Minimum Monthly Maintenance Needs Allowance for Nursing Home Resident’s Spouse Is Now $1,966.25 until 6/30/2015

by: Brian E. Barreira, Esq.

When one spouse is living in a nursing home and the other spouse is living anywhere else, the spouse who is not living in the nursing home (who is known under MassHealth law as the “community spouse”) is allowed by MassHealth to keep some (or sometimes all) of the nursing home resident’s income through an income allowance known as the Minimum Monthly Maintenance Needs Allowance (MMMNA).  Every July 1st, this figure changes based on federal poverty level guidelines.  The MMMNA was $1,939 from July 1, 2013 until June 30, 2014, and has been increased to $1,966.25 from July 1, 2014 through June 30, 2015.

If certain basic household expenses are more than 30% of the MMMNA, which amounts to $589.66, the community spouse is entitled to keep extra income, known as the Excess Shelter Amount (“ESA”).  Between the MMMNA and the ESA, the community spouse can now be entitled to as keep as much as $2,931.00 of the married couple’s total income.  If even more income is needed, such as where the community spouse is living in an assisted living facility, the community spouse can request a fair hearing and attempt to prove the need for more than $2,931.00 of the married couple’s total income.  In some cases, the community spouse would need more than $2,931.00 due to the costs of an assisted living facility, but would be required at the fair hearing to prove the need to live there.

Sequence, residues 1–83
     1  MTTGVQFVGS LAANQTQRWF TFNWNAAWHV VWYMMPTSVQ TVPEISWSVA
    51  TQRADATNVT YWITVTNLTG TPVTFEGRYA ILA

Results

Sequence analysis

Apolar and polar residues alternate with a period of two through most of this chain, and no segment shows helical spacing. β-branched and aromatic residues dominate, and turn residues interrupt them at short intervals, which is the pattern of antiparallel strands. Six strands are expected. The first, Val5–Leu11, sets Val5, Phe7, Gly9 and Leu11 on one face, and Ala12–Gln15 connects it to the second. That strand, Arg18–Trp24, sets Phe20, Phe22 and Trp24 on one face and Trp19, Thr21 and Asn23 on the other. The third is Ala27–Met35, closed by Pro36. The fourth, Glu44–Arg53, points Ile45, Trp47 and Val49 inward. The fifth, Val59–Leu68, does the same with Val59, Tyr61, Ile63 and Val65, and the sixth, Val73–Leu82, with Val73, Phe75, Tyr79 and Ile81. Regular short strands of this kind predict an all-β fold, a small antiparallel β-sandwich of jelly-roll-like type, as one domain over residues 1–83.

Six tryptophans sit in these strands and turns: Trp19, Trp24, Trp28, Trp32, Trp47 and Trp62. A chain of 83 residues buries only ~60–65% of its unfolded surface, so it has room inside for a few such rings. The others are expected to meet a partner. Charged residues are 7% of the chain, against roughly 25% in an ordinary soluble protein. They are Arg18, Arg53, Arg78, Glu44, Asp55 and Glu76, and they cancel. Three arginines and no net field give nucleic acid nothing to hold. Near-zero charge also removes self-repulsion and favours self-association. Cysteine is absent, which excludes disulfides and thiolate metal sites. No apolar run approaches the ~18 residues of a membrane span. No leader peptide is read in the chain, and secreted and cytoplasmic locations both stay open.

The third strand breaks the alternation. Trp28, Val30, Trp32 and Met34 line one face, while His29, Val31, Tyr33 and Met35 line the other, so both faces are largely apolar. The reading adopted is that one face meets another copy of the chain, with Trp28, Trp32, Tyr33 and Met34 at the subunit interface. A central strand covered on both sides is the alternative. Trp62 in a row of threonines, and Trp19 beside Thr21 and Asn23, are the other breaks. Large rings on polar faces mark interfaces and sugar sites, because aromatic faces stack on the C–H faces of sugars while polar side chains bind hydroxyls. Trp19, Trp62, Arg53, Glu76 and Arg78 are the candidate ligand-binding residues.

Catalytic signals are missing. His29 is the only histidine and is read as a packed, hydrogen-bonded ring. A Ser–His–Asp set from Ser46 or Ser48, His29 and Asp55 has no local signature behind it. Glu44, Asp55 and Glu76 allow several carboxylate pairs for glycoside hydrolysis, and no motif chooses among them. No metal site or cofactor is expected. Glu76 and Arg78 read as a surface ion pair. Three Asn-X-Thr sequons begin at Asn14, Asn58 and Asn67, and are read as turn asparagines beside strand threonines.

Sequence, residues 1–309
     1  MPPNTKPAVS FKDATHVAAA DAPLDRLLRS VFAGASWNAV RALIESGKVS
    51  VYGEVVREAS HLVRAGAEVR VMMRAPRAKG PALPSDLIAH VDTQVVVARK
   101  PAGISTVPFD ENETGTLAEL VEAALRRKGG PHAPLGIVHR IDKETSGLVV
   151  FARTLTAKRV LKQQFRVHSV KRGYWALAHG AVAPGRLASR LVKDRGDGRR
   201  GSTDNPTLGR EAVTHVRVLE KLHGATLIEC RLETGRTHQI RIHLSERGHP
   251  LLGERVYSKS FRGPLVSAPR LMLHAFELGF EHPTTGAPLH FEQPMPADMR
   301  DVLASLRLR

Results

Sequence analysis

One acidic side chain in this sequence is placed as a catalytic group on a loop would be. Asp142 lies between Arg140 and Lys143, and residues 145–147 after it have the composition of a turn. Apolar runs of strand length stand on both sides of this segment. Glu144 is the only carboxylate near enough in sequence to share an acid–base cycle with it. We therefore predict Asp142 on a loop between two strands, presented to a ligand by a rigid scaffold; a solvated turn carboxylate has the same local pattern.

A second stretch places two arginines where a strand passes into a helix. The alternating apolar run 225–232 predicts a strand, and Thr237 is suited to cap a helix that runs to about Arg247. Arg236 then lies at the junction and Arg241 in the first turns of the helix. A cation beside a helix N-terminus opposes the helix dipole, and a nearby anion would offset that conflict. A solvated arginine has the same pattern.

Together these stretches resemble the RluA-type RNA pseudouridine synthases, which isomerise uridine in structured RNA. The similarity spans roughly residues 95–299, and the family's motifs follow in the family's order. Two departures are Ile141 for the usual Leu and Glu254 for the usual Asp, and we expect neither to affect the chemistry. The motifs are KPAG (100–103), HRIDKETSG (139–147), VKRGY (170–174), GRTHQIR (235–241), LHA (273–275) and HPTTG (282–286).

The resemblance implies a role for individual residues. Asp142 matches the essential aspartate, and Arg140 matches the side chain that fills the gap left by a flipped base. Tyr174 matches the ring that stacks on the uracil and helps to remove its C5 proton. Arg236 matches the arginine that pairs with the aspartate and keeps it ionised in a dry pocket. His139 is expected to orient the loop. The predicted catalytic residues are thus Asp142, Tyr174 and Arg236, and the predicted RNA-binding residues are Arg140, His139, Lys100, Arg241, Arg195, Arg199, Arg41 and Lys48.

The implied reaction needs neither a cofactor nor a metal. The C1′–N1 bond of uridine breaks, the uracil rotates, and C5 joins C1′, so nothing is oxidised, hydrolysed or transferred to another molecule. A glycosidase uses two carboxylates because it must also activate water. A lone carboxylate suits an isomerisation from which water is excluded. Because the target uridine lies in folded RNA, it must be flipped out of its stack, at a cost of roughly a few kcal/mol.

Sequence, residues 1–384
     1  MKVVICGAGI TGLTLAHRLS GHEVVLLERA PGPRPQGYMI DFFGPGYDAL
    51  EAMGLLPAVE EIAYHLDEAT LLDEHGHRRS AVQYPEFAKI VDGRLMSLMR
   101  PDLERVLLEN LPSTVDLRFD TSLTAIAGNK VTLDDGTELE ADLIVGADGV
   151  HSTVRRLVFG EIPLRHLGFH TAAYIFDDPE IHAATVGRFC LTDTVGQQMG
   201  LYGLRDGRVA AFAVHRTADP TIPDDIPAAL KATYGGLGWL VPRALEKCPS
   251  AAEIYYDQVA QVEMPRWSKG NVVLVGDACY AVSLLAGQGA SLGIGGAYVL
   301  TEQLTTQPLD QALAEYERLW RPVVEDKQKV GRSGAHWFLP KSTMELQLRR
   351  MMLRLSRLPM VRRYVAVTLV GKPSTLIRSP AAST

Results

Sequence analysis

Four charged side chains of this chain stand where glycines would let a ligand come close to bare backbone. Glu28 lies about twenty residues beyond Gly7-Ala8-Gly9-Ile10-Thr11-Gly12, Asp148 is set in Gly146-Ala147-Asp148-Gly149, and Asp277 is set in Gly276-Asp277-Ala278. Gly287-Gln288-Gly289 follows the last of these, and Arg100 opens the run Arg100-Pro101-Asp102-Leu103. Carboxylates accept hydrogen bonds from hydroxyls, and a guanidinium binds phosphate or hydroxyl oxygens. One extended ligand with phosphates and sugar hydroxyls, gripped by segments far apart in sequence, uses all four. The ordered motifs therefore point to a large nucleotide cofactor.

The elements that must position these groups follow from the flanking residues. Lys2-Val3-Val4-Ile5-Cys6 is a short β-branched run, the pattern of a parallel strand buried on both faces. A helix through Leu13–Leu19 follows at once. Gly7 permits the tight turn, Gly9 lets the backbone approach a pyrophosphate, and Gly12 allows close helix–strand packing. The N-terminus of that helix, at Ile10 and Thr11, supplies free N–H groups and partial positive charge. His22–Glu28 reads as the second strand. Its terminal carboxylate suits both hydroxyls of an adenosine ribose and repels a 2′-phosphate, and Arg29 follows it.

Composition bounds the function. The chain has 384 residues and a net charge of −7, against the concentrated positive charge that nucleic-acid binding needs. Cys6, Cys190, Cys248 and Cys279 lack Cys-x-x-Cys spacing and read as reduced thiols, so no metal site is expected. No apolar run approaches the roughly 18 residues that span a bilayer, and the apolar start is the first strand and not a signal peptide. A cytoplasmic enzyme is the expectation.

Utilizing the MMMNA provisions in Medicaid/MassHealth law is always better than purchasing an immediate annuity, since all payments from the annuity are treated as income, and taking that step ends up reducing the amount of the married couple’s retirement income that the community spouse could otherwise keep.  Unfortunately, due to the asset rules under Medicaid/MassHealth, in many situations the community spouse has no choice but to purchase an immediate annuity with excess assets. See Protecting Assets and Maximum Income in 2014 When Applying for MassHealth to Help Pay for the Unhealthy Spouse’s Nursing Home Bills.

 

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